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Ask Amy: Gay servicemember worries about family bond

By Amy Dickinson, Tribune Content Agency on

Dear Amy: I came out as gay to my parents when I was 28. I'm living on my own, after serving in the military.

My parents (who have always been deeply conservative) did not accept my sexuality well, calling me "disgusting" and "sinful." In fact, they froze me out for two years while I was stationed overseas, unwilling to talk or discuss or to even agree to disagree with me, despite my efforts to reach out to them.

I've recently finished my time in the military and am back in the U.S. My parents have contacted me. I've spoken with them and we've reached a sort of middle ground, but they still don't seem comfortable talking to me, due to the fact that I am gay.

It took a long time, but I have tried to forgive them for the way they have treated me, and now that there is contact, I admit I don't feel the desire to keep a close relationship with them in my life.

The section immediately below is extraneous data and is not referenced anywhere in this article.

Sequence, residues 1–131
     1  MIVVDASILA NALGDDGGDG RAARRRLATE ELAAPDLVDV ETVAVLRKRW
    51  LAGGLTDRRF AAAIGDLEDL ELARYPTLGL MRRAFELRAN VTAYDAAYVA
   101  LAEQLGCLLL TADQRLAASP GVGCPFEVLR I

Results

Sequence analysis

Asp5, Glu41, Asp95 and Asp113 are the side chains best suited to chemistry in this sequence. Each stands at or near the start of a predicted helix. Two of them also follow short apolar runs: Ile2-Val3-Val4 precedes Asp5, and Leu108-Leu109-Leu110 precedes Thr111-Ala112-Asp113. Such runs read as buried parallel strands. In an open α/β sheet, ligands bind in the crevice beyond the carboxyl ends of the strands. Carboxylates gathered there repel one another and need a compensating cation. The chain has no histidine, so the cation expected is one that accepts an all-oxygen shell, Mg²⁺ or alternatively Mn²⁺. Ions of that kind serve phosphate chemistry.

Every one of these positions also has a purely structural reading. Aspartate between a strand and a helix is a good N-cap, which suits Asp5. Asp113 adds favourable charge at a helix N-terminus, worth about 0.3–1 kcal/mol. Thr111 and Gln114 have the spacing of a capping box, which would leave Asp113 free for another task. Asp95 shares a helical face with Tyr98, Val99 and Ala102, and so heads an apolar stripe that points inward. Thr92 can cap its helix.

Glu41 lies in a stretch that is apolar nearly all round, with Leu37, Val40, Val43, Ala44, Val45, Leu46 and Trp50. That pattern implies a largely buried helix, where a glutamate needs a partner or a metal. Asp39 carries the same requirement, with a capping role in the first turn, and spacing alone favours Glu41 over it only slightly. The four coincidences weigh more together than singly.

I'm looking at marriage in the next year, and I haven't told them about it because I'm afraid how they'll react.

Is it OK to keep my distance, forgive, and walk away, or do I owe it to the familial bonds to try and keep the relationship going?

 

-- Trying to do Right

Dear Trying: Familial bonds stretch in two directions. Until your folks figure out how to accept, relate, and apologize to you - and learn to love you exactly as you are - a natural consequence of their behavior would be for you to keep your distance.

Keeping your distance and walking away from a relationship are radically different propositions, however.

The fact that you say you are afraid of their reaction to your choice to marry is evidence that you are still somewhat tied to them. During this time of distancing, I hope you are able to conquer this fear. It is a vestige of their control over you.

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